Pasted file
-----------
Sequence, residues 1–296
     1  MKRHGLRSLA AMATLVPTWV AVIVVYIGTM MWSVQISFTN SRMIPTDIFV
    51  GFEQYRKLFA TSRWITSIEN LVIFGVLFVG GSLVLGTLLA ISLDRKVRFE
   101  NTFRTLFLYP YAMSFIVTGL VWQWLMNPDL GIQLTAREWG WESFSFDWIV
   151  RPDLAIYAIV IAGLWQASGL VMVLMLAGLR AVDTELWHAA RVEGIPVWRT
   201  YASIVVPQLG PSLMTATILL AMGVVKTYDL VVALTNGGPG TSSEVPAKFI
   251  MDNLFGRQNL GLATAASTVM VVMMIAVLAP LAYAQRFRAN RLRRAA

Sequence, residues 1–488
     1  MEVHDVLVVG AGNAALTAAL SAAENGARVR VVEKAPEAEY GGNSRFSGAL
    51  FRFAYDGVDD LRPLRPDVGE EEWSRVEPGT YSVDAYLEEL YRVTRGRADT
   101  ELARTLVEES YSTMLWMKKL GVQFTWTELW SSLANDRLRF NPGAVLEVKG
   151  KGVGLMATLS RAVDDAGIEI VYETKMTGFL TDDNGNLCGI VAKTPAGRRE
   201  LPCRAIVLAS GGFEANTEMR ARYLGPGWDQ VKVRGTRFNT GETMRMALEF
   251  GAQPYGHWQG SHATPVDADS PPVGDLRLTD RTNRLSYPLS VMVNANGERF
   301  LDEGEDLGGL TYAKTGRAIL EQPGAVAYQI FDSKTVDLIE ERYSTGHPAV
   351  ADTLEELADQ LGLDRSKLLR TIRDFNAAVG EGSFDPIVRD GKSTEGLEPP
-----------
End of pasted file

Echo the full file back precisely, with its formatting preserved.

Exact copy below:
Sequence, residues 1–296
     1  MKRHGLRSLA AMATLVPTWV AVIVVYIGTM MWSVQISFTN SRMIPTDIFV
    51  GFEQYRKLFA TSRWITSIEN LVIFGVLFVG GSLVLGTLLA ISLDRKVRFE
   101  NTFRTLFLYP YAMSFIVTGL VWQWLMNPDL GIQLTAREWG WESFSFDWIV
   151  RPDLAIYAIV IAGLWQASGL VMVLMLAGLR AVDTELWHAA RVEGIPVWRT
   201  YASIVVPQLG PSLMTATILL AMGVVKTYDL VVALTNGGPG TSSEVPAKFI
   251  MDNLFGRQNL GLATAASTVM VVMMIAVLAP LAYAQRFRAN RLRRAA

Sequence, residues 1–488
     1  MEVHDVLVVG AGNAALTAAL SAAENGARVR VVEKAPEAEY GGNSRFSGAL
    51  FRFAYDGVDD LRPLRPDVGE EEWSRVEPGT YSVDAYLEEL YRVTRGRADT
   101  ELARTLVEES YSTMLWMKKL GVQFTWTELW SSLANDRLRF NPGAVLEVKG
   151  KGVGLMATLS RAVDDAGIEI VYETKMTGFL TDDNGNLCGI VAKTPAGRRE
   201  LPCRAIVLAS GGFEANTEMR ARYLGPGWDQ VKVRGTRFNT GETMRMALEF
   251  GAQPYGHWQG SHATPVDADS PPVGDLRLTD RTNRLSYPLS VMVNANGERF
   301  LDEGEDLGGL TYAKTGRAIL EQPGAVAYQI FDSKTVDLIE ERYSTGHPAV
   351  ADTLEELADQ LGLDRSKLLR TIRDFNAAVG EGSFDPIVRD GKSTEGLEPP